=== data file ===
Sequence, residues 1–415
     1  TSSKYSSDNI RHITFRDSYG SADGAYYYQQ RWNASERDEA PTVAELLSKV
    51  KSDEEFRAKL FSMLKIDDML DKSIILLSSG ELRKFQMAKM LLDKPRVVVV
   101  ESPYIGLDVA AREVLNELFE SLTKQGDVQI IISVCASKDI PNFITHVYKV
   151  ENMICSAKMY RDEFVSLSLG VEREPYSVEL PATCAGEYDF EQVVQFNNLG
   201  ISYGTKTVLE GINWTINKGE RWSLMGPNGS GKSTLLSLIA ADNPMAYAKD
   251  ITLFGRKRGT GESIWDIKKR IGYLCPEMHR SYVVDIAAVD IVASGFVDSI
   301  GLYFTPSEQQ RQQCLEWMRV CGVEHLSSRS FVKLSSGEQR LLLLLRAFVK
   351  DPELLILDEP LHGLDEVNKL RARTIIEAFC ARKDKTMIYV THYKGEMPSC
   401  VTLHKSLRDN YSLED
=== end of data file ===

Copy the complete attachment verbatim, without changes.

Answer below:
Sequence, residues 1–415
     1  TSSKYSSDNI RHITFRDSYG SADGAYYYQQ RWNASERDEA PTVAELLSKV
    51  KSDEEFRAKL FSMLKIDDML DKSIILLSSG ELRKFQMAKM LLDKPRVVVV
   101  ESPYIGLDVA AREVLNELFE SLTKQGDVQI IISVCASKDI PNFITHVYKV
   151  ENMICSAKMY RDEFVSLSLG VEREPYSVEL PATCAGEYDF EQVVQFNNLG
   201  ISYGTKTVLE GINWTINKGE RWSLMGPNGS GKSTLLSLIA ADNPMAYAKD
   251  ITLFGRKRGT GESIWDIKKR IGYLCPEMHR SYVVDIAAVD IVASGFVDSI
   301  GLYFTPSEQQ RQQCLEWMRV CGVEHLSSRS FVKLSSGEQR LLLLLRAFVK
   351  DPELLILDEP LHGLDEVNKL RARTIIEAFC ARKDKTMIYV THYKGEMPSC
   401  VTLHKSLRDN YSLED